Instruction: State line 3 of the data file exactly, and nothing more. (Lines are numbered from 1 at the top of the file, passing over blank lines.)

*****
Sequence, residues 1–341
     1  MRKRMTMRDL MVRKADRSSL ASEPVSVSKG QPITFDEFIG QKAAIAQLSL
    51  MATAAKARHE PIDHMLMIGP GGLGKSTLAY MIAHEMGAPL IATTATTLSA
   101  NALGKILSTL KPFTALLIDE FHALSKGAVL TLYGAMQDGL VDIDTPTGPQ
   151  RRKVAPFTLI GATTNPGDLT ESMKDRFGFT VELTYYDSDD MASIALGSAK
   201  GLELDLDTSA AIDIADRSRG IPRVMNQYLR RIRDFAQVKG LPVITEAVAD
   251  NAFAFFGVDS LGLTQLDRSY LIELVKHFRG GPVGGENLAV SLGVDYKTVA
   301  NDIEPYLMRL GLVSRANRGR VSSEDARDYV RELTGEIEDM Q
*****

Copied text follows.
    51  MATAAKARHE PIDHMLMIGP GGLGKSTLAY MIAHEMGAPL IATTATTLSA